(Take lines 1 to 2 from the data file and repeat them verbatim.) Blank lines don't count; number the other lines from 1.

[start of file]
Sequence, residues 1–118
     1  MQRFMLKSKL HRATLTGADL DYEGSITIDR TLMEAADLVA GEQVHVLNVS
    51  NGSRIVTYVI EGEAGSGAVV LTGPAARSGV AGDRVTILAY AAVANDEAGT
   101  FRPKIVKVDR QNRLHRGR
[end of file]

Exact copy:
Sequence, residues 1–118
     1  MQRFMLKSKL HRATLTGADL DYEGSITIDR TLMEAADLVA GEQVHVLNVS